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Many organizations and people all have a part to play in improving health literacy in our society.

Training in health literacy, plain language, and culture and communication is essential for anyone working in health information and services. Whether you are new to these topics, need a refresher, or want to train your entire staff, the following courses are a good place to start.

You will also find curricula and materials to help train and educate adults about health, communicating with healthcare professionals, and finding reliable information sources.

Please send your comments and suggestions about other training courses or needs.

Training from CDC

CDC offers five online health literacy courses for health professionals. We recommend that you take the introductory course “Health Literacy for Public Health Professionals” first and “Writing for the Public” second. The other courses can be taken in any order, depending on your interests.  

CDC also offers a consumer and patient communication skill-building module, Good Questions for Good Health. It encourages question-asking and provides strategies for formulating and asking questions before, during, and after medical appointments. The Toolkit includes a presentation, presentation notes, skill building activity, take-home handout, and an evaluation form.

Training from Organizations other than CDC

Culture and Health Literacy Modules

(Source: University of Minnesota School of Public Health 2011)

  • Description: This online course discusses how inequalities in health information contribute to health disparities and what communities can do to close the gap and improve health literacy.
  • Length: Not provided.
  • Continuing Education: Not provided.
  • Cost: Free

Effective Communication Tools for Healthcare Professionals

(Source: Health Resources and Services Administration)

  • Description: The purpose of the course is to improve health care professional’s ability to communicate with patients and overcome barriers that can keep patients from taking their medications properly, unnecessary emergency room visits and hinder full benefit of the quality care you provide. This course also will help you acknowledge cultural diversity, address low health literacy and accommodate low English proficiency.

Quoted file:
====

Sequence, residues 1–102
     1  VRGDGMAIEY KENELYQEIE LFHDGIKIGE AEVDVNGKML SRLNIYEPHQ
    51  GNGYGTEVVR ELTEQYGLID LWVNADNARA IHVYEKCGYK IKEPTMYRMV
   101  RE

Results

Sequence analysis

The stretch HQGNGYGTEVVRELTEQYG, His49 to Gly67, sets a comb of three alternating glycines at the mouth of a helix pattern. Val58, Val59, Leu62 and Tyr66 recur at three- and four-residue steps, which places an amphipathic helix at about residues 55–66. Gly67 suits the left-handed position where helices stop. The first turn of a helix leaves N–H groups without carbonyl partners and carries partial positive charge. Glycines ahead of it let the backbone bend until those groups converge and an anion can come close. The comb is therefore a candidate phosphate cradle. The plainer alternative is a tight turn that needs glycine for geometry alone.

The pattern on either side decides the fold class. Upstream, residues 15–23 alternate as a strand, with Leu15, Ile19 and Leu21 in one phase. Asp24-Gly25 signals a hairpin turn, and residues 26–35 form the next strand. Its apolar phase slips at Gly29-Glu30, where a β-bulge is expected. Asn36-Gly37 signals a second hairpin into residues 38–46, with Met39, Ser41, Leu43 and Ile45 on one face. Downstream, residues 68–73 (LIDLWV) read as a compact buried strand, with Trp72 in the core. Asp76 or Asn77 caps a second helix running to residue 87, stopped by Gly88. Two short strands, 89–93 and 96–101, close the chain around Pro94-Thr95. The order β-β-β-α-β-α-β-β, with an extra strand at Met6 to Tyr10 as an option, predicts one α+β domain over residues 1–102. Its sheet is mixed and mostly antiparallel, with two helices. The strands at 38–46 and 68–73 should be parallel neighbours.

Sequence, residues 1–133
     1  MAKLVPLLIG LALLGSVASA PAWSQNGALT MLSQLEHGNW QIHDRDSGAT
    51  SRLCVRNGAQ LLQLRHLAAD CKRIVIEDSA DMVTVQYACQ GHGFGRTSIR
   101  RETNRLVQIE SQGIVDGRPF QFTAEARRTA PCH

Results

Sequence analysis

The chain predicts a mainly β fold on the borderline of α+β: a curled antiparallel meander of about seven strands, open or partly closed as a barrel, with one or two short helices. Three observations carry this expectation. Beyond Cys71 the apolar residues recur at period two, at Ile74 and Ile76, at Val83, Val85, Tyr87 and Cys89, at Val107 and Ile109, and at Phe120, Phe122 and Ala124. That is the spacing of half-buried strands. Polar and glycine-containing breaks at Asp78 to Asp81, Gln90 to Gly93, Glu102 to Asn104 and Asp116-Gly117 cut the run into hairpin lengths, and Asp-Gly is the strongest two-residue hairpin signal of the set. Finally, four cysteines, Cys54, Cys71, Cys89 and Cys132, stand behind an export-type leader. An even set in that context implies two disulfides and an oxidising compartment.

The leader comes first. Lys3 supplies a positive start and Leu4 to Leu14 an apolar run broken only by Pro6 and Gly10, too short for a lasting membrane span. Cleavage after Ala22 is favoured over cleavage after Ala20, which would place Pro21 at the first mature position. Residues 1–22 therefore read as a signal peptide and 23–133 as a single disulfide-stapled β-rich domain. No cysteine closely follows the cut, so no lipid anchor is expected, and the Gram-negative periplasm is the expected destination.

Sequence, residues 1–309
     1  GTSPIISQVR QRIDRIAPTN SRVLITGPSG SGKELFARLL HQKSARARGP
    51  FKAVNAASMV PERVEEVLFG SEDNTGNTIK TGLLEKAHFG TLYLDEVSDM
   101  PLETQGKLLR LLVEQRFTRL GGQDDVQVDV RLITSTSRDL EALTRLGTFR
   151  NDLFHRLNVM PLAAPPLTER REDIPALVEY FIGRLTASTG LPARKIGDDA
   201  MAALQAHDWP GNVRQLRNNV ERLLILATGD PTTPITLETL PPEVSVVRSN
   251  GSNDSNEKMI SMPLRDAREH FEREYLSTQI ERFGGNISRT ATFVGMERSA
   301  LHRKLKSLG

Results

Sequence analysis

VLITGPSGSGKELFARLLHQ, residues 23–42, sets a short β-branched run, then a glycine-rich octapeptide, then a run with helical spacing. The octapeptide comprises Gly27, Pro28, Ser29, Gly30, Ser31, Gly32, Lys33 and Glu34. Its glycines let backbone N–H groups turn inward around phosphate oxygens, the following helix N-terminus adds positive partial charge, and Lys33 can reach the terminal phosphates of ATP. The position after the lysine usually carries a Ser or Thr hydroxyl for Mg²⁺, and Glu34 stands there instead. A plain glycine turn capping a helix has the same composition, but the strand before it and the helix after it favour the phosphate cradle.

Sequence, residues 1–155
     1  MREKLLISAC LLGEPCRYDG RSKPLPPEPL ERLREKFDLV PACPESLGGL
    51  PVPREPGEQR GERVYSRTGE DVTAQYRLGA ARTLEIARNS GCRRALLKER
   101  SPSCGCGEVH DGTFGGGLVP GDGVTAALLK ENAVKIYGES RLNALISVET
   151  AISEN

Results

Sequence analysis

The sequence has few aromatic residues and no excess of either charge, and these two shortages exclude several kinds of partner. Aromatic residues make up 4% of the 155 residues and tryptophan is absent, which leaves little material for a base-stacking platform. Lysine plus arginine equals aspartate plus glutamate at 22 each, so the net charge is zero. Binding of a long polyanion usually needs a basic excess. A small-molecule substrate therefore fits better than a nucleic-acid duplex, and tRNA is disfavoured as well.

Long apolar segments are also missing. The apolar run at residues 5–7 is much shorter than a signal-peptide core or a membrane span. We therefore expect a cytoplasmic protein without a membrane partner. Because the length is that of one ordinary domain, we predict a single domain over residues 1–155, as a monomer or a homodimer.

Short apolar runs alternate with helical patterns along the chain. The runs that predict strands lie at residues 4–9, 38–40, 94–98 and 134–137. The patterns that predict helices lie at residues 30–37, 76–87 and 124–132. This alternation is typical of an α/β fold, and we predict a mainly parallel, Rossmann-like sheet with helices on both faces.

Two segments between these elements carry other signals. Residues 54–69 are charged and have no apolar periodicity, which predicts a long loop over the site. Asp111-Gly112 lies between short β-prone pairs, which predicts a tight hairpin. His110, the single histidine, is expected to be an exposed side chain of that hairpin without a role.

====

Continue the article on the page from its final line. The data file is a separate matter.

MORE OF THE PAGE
• Length: It is estimated to take a total of 5 hours to complete modules 1-5.
  • Continuing Education: Not provided.
  • Cost: Free

Health Literacy and Communication for Health Professionals

(Source: University of Nebraska Medical Center)

  • Description: This inter-professional course will help educate a variety of health professionals about health literacy efforts and improved communication skills. The course consists of 8 modules.
  • Length: 8 weeks of study, 3-6 hours of work per week
  • Continuing Education: Not provided. Students who successfully complete the class will receive a Statement of Accomplishment signed by the instructor.
  • Cost: Free

Health Literacy and Public Health

(Source: New York-New Jersey Public Health Training Center)

  • Description: This training introduces the concept of health literacy, provides strategies for considering literacy when creating public health messages for the general public and provides strategies for considering literacy in direct public health services to the public.
  • Length: Not provided
  • Continuing Education: This training offers 3 Category I CECH in health education; 3 contact hours in nursing continuing education; 3 hours in Category One CME
  • Cost: Free

Health Literacy Workshop

(Source: National Education Association 2001)

  • Description: This online workshop helps educators at all grade levels learn how to build health literacy across curricula areas and where to go for additional training.
  • Length: 1.5 hours
  • Continuing Education: Not provided.
  • Cost: Free

Preventing Adverse Drug Events: Individualizing Glycemic Targets Using Health Literacy Strategies

(Source: HHS Office of Disease Prevention and Health Promotion)

  • Description:  This is an eLearning course that teaches health care providers how to use health literacy strategies to reduce hypoglycemic adverse drug events (ADEs) in patients with diabetes.
  • Length: Not provided
  • Continuing Education: 1.5 CME credits; 1.3 CNE credits; .1 CEU credits; and .1 CPE credits. 
  • Cost: Free

Federal Plain Language Guidelines

(Source: The Plain Language Action and Information Network)

  • Description: These slides offer a self-study option for learning and implementing the Federal Plain Language Guidelines in your work. The five major topics covered are audience, organization, writing principles, writing for the web, and testing techniques.
  • Length: Not provided
  • Continuing Education: Not provided
  • Cost: Free

NIH Plain Language Training

(Source: National Institutes of Health)

  • Description: The NIH offers a free plain language internet-based training that introduces you to the basics of plain language. The goal of this training is to help you learn to organize your ideas, use a clear writing style, and become a more effective communicator.